How TO

How to Create a Bootable Windows USB in Fedora Linux

In this tutorial, I am going to show you how to create a Windows Server 2019 bootable USB in Linux, though any Windows version will work. I am using Fedora 30 for this tutorial but the steps should be valid for other Linux distributions as well.

Here’s what you need:

  • Windows Server 2019 ISO (or Windows 10 ISO)
  • WoeUSB Application
  • A USB key (pen drive or stick) with at least 6 Gb of space

Step 1: Download Windows 10 ISO

Go to the Microsoft website and download the Windows ISO from the links provided:

Step 2: Install WoeUSB

WoeUSB is a free and open source application for creating Windows 10 bootable USB. This package contains two programs:

  • woeusb: A command-line utility that enables you to create your own bootable Windows installation USB storage device from an existing Windows Installation disc or disk image
  • woeusbgui: A GUI wrapper of woeusb based on WxWidgets

Install WoeUSB using the Fedora package repository:

$ sudo dnf install WoeUSB

Step 3: Using WoeUSB to create bootable Windows USB device

I’ll use the woeusb command line rather than the woeusbgui since I’m using a remote linux server without the desktop. Since the size of the ISO is larger than the default FAT32 can handle, we need to specify NTFS file systems. Additionally, we will erase and use the entire capacity of the USB key (/dev/sde), then write the contents of the ISO (17763.379.190312-0539.rs5_release_svc_refresh_SERVER_EVAL_x64FRE_en-us.iso) to it.

WARNING! All data on the USB key will be erased

$ sudo woeusb --target-filesystem NTFS --device 17763.379.190312-0539.rs5_release_svc_refresh_SERVER_EVAL_x64FRE_en-us.iso /dev/sde


WoeUSB v3.2.12
Mounting source filesystem...
Wiping all existing partition table and filesystem signatures in /dev/sde...
/dev/sde: 2 bytes were erased at offset 0x000001fe (dos): 55 aa
/dev/sde: calling ioctl to re-read partition table: Success
Ensure that /dev/sde is really wiped...
Creating new partition table on /dev/sde...
Creating target partition...
Making system realize that partition table has changed...
Wait 3 seconds for block device nodes to populate...
Cluster size has been automatically set to 4096 bytes.
Creating NTFS volume structures.
mkntfs completed successfully. Have a nice day.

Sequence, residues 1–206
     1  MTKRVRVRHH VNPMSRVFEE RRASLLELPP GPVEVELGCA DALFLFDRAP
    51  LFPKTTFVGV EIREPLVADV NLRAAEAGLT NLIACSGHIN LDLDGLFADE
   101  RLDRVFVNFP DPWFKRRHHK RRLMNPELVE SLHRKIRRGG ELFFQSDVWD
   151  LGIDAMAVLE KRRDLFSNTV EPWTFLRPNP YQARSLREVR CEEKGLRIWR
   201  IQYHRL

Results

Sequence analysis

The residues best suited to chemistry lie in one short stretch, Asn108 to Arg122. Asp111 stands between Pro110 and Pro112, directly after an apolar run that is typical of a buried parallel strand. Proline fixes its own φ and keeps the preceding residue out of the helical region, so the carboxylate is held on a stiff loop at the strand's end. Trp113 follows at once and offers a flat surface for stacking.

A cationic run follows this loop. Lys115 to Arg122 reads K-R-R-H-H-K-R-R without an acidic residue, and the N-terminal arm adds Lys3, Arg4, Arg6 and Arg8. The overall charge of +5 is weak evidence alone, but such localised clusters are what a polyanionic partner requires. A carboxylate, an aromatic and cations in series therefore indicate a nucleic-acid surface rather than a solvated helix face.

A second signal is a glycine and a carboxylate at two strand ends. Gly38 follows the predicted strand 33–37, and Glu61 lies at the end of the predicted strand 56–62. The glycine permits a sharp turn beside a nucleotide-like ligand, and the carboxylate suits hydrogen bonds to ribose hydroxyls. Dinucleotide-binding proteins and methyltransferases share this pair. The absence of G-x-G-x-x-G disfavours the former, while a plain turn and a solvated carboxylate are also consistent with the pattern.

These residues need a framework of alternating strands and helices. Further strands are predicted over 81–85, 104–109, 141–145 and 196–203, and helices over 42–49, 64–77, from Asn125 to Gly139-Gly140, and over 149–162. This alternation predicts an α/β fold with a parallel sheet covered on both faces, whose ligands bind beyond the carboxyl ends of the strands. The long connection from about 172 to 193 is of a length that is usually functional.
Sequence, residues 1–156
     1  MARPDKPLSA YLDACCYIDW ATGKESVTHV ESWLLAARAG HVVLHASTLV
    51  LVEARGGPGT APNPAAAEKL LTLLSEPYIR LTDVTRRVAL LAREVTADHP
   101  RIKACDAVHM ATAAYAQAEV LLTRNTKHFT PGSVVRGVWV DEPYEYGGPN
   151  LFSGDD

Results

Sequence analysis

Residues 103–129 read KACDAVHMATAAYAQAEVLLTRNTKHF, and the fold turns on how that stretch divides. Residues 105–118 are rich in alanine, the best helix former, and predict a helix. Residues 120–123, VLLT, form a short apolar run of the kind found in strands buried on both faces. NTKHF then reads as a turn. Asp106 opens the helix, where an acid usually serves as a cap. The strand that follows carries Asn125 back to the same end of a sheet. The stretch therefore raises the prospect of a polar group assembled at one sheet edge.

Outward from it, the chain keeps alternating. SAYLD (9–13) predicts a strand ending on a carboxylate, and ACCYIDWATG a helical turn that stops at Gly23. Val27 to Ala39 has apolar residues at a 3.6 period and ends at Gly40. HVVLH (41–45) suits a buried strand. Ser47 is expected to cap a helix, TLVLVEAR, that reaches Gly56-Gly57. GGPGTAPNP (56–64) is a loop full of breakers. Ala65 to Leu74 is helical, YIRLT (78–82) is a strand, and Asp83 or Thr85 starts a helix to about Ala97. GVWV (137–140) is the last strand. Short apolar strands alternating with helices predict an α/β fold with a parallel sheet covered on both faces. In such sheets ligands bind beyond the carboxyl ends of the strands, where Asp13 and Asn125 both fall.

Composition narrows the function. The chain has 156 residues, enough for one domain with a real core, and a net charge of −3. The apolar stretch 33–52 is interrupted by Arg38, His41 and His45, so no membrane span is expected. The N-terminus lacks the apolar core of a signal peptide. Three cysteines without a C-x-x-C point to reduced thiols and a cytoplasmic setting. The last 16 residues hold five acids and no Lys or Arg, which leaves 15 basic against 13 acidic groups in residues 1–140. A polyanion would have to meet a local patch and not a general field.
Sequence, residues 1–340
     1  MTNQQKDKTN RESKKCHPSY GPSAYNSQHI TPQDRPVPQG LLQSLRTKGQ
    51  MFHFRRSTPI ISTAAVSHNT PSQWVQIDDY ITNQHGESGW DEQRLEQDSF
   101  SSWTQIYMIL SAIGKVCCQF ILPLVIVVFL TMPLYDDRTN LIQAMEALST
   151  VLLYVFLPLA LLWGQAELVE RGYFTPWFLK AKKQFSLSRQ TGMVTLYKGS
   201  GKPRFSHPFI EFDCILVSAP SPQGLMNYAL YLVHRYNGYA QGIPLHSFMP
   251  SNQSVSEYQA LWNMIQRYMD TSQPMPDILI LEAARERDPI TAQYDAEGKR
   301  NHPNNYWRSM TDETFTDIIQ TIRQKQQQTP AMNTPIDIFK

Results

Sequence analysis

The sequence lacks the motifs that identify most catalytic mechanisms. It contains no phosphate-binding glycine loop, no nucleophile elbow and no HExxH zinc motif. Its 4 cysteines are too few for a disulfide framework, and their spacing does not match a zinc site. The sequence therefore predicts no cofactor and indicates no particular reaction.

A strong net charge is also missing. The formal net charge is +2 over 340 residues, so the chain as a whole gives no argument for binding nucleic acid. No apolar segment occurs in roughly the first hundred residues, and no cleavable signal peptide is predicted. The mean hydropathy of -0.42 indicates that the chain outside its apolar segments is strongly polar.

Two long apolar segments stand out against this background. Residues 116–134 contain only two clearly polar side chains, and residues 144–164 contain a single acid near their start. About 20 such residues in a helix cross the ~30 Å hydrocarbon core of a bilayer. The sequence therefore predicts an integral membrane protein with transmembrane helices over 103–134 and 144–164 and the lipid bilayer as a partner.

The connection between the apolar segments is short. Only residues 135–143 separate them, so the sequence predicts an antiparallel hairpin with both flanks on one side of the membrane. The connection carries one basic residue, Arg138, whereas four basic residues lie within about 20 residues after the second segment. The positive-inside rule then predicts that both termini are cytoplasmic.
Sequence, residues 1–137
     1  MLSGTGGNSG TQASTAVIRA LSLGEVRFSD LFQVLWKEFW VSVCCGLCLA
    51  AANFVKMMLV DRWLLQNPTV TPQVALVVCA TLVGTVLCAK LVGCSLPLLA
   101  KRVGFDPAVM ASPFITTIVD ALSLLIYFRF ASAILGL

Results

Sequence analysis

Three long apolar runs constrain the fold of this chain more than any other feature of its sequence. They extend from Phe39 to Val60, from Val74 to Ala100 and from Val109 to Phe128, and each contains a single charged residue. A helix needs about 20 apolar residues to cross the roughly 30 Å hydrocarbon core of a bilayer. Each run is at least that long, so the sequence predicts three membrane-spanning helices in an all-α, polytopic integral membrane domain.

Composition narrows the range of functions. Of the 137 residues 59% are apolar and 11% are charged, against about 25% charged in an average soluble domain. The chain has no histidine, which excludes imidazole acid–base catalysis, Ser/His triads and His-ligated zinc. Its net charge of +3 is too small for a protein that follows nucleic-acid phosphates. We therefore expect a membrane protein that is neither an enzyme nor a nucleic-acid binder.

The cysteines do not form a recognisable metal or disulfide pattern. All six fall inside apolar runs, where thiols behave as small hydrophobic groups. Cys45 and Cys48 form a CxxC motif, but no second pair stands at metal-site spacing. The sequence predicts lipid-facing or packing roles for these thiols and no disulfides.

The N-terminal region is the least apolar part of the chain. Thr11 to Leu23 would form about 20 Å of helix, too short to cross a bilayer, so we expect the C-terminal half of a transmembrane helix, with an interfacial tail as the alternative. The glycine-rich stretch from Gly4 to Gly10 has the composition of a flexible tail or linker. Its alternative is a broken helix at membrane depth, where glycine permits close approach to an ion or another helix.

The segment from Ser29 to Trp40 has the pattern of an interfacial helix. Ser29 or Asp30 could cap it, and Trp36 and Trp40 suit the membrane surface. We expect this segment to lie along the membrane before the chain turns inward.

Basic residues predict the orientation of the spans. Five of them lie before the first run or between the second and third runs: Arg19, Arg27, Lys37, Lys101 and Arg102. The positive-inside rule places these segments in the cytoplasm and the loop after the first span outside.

--2019-05-20 13:59:11--
Location: [following]
--2019-05-20 13:59:12--
Length: 524288 (512K) [application/octet-stream]
Saving to: ‘/tmp/WoeUSB.Huv3Ym.tempdir/uefi-ntfs.img’

uefi-ntfs.img                    100%[========================================================>] 512.00K  1.48MB/s    in 0.3s

2019-05-20 13:59:12 (1.48 MB/s) - ‘/tmp/WoeUSB.Huv3Ym.tempdir/uefi-ntfs.img’ saved [524288/524288]

1024+0 records in
1024+0 records out
524288 bytes (524 kB, 512 KiB) copied, 0.0333775 s, 15.7 MB/s
Mounting target filesystem...
Applying workaround to prevent 64-bit systems with big primary memory from being unresponsive during copying files.
Copying files from source media...
Installing GRUB bootloader for legacy PC booting support...
Installing for i386-pc platform.
Installation finished. No error reported.
Installing custom GRUB config for legacy PC booting...
Resetting workaround to prevent 64-bit systems with big primary memory from being unresponsive during copying files.
Unmounting and removing "/media/woeusb_source_1558382344_4486"...
Unmounting and removing "/media/woeusb_target_1558382344_4486"...
You may now safely detach the target device
Done :)
The target device should be bootable now

Step 4: [Optional] Verify the USB drive

It is a good idea to verify the USB drive is bootable before you reboot and find out so you don’t loose that time.

We can test the USB device using QEMU. If you don’t have QEMU/KVM installed, you can install the package group using:

$ sudo dnf install @virtualization

Now we can create a new temporary Guest Virtual Machine without network and disks. We simply provide the USB device as the boot device and supply some Memory. The following uses our USB device (/dev/sde):

$ qemu-system-x86_64 -hda /dev/sde -m 4G -machine pc,accel=kvm -enable-kvm -vnc :0 -daemonize

Note: If you are connecting remotely to the Linux system, you may need to open the firewall to allow the remote VNC port(s). The default port for VNC is 5900 + the -vnc :<port>. In our example, we ask QEMU to use VNC port :0 which maps to port 5900. VNC port :1 maps to 5901, etc. The following opens a range of ports to allow you to connect up to 11 running VM Guests. Ideally, you should only open as many ports as you need.

$ sudo firewall-cmd –list-ports
$ sudo firewall-cmd –get-default-zone
$ sudo firewall-cmd –state
$ sudo firewall-cmd –zone=FedoraServer –add-port=5900-5910/tcp –permanent
$ sudo firewall-cmd –reload
$ sudo systemctl restart firewalld

If the QEMU guest VM starts successfully, ie, you get no error from the qemu-system-x86_64 command, you can connect to it using a local VNC Client on your desktop. Linux and Windows have several VNC clients to choose from. I use VNC Viewer from RealVNC.

You should see the initial loading screen, then Windows Server 2019 will display the first installation window as shown below:

Windows Server 2019 booted using QEMU/KVM
Windows Server 2019 booted using QEMU/KVM

Step 5: Using the Windows bootable USB

Once the bootable USB is ready, restart your system. At boot time, press F6 to enter the boot manager. Select the USB device from the list.

Once you’re through the initial loading screen, you’ll see that Windows gives you the option to install or repair your system. You know what to do now from here.

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